Face­less few to de­cide NZ’s fu­ture


Win­ston Peters loves a good con­spir­acy. So how’s this for the most ex­plo­sive con­spir­acy the­ory of the elec­tion so far: The next Gov­ern­ment won’t be de­cided by vot­ers - but by a face­less and se­cre­tive board.

True story. Where are you now Win­ston Peters?

This is the sce­nario that Peters is ask­ing the pub­lic to ac­cept with­out ques­tion - in fact, Peters has slapped down jour­nal­ists’ ques­tions about NZ First board mem­bers as ‘‘stupid and mind­less’’.

So why are they im­por­tant? Be­cause Peters says any deal to go with National or Labour will have to be signed off by the NZ First board. And it won’t be a rub­ber stamp­ing ex­er­cise ei­ther, Peters claims - they will be pre­sented with all the op­tions and asked to de­bate the mer­its of both till board mem­bers can reach ‘‘a se­ri­ous con­sen­sus’’.

In their hands the fate of Bill English and Jacinda Ardern rests ap­par­ently. So who are they? Peters won’t say. He re­fuses to name any­one on the board, or even re­veal when they will meet to de­cide. Peters has even is­sued a state­ment plead­ing their case for pri­vacy, since they are not pub­lic fig­ures.

That may have been true of the board be­fore the elec­tion. But they are pub­lic fig­ures now. They don’t get to re­main in the shad­ows when a de­ci­sion as weighty as this rests on their shoul­ders. So what do we know? A list ob­tained by RNZ sug­gests the fol­low­ing peo­ple sit on the board. MPs Win­ston Peters and Ron Mark, along with direc­tor gen­eral Kristin Camp­bell Smith. Party pres­i­dent Brent Catch­pole (a for­mer NZ First MP), vice pres­i­dent North Is­land Ju­lian Paul, vice pres­i­dent South Is­land John Thorn and trea­surer Holly Hop­kin­son.

The direc­tors of the board listed are Claire Ash­ley, Toa Green­ing, Robert Monds, Anne Marie An­drews, Kevin Gar­dener and Sue Sara, ac­cord­ing to RNZ.

For some­one who has made a ca­reer out of delv­ing into the shad­ows it is stag­ger­ing that Peters does not un­der­stand the im­pli­ca­tions of ask­ing vot­ers to ac­cept at face value his ex­pla­na­tion for keep­ing their iden­ti­ties se­cret.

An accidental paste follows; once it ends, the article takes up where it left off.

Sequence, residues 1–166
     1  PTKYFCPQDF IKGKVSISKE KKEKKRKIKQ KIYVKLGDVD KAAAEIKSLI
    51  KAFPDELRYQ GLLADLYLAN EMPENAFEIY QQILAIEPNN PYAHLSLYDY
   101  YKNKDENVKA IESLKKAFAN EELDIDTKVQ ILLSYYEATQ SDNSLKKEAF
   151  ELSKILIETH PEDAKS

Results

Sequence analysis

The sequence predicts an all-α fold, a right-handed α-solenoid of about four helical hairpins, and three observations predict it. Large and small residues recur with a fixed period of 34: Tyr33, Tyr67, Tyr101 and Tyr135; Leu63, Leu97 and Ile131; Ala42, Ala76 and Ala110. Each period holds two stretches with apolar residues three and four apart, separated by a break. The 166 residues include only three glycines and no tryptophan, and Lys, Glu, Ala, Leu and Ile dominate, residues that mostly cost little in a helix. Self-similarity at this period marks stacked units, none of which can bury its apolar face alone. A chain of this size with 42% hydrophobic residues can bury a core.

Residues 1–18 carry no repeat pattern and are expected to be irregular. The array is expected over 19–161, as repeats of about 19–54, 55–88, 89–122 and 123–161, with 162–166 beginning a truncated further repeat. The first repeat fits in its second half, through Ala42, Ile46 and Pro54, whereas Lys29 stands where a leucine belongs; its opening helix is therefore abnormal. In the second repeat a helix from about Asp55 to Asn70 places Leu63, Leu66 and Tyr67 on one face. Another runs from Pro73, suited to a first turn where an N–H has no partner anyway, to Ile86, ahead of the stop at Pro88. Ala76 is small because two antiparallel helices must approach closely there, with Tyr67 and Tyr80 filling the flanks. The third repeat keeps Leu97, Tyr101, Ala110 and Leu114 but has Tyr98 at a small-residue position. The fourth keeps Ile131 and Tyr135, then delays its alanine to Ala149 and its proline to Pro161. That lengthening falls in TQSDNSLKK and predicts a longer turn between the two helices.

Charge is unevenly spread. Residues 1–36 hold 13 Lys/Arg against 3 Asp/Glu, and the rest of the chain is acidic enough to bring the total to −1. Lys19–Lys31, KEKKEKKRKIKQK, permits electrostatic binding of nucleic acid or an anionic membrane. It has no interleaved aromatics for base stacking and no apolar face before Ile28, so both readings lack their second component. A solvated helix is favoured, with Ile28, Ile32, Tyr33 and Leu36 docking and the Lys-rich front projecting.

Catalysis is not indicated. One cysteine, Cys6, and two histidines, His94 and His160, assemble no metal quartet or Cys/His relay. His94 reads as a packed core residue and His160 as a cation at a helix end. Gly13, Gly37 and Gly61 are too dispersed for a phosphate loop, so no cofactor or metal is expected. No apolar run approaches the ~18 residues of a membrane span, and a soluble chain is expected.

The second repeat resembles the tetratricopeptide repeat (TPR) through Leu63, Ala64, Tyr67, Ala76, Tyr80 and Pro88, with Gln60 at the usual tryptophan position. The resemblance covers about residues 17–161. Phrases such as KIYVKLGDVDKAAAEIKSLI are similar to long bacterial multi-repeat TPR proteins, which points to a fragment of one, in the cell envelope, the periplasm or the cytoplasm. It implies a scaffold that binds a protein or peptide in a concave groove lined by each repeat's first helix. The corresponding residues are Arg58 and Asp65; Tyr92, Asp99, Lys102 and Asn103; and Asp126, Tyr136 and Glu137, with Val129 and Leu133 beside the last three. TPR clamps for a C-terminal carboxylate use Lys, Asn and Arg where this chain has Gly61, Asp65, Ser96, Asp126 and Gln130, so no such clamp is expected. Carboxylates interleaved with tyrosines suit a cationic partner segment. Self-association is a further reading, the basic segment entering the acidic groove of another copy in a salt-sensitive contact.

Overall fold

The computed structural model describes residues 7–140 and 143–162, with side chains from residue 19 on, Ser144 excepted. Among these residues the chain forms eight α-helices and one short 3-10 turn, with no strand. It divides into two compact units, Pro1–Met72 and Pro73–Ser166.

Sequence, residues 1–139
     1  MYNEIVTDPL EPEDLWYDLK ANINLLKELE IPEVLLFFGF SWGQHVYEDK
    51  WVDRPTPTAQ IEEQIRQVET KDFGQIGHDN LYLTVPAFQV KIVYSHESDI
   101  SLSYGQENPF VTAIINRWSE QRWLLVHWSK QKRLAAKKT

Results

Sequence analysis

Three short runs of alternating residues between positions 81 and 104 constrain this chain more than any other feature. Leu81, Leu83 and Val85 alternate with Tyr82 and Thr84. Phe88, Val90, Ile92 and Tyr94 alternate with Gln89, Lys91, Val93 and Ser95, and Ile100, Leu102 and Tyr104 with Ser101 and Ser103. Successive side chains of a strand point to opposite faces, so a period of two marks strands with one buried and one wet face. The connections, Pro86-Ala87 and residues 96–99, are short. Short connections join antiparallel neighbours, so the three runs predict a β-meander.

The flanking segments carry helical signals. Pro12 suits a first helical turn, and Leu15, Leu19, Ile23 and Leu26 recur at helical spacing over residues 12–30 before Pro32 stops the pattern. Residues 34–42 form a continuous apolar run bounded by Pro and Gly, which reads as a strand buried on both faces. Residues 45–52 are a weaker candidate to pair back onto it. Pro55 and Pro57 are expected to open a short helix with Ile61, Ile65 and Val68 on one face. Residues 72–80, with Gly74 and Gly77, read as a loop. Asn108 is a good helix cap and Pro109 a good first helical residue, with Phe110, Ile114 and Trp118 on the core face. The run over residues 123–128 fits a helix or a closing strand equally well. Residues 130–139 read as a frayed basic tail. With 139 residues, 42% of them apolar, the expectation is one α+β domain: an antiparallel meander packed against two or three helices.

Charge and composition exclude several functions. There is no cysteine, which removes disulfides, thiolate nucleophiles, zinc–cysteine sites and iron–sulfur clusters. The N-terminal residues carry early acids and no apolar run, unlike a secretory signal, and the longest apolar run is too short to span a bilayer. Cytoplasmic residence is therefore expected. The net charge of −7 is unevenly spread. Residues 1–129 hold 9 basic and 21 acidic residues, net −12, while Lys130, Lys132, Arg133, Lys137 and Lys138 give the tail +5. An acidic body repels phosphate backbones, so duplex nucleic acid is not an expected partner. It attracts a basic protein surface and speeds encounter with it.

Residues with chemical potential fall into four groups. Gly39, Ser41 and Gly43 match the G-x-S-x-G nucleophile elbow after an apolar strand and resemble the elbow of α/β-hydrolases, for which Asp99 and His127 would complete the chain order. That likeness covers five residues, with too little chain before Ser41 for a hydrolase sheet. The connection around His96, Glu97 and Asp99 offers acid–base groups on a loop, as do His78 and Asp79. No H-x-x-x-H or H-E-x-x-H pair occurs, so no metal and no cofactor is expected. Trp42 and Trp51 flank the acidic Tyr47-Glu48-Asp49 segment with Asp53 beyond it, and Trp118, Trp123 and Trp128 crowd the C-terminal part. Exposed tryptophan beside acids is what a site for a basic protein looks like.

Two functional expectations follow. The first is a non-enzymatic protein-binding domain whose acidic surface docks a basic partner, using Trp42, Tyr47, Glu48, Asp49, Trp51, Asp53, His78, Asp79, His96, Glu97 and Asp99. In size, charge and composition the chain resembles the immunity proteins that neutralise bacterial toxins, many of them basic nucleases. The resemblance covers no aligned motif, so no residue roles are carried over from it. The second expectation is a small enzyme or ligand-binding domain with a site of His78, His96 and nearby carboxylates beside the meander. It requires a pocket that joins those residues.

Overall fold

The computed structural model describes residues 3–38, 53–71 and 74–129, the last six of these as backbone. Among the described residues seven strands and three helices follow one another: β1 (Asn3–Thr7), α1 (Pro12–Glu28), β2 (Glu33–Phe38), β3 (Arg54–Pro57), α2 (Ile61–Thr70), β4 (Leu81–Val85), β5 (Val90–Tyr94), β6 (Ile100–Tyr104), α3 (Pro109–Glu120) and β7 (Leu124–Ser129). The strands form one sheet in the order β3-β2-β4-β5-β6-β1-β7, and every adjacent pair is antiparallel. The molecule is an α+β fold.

Are they party donors? Lob­by­ists who in­stalled him in coali­tion talks to do their bid­ding and get their pet projects over the line? Are they big busi­ness in­ter­ests, peo­ple with a vested in­ter­est in which min­is­te­rial port­fo­lios are al­lo­cated to NZ First so they can line their pock­ets?

Or are they like the per­son who phoned me the other day claim­ing to be a for­mer NZ First of­fice holder, a man filled with dark and ugly the­o­ries? Prob­a­bly none of these things are true, or even likely to be true.

In fact, what lit­tle we know of the NZ First board mem­bers from other pub­licly avail­able doc­u­ments sug­gests they are prob­a­bly ex­actly what Peters says - or­di­nary Ki­wis who have been thrust into a po­si­tion that most other or­di­nary New Zealan­ders could never imag­ine them­selves in. Be­ing asked to de­cide who should be the next prime min­is­ter.It is a huge de­ci­sion, and one that should - and prob­a­bly will - weigh heav­ily on them. Which is why we de­serve to know not just who they are, but what drives them.

Does Win­ston Peters - chief scan­dal buster, con­spir­acy the­o­rist and dirt dig­ger - know that? Of course he does.

In re­al­ity, it will more likely be Peters and his in­ner cir­cle who will re­ally de­cide - that is how it has al­ways been.

Peters is more likely us­ing the ex­cuse of hav­ing to call the board to­gether as a way to buy him­self time.

But Peters de­mands that we take him at face value on the im­por­tance of the board in his de­ci­sion and so we will.

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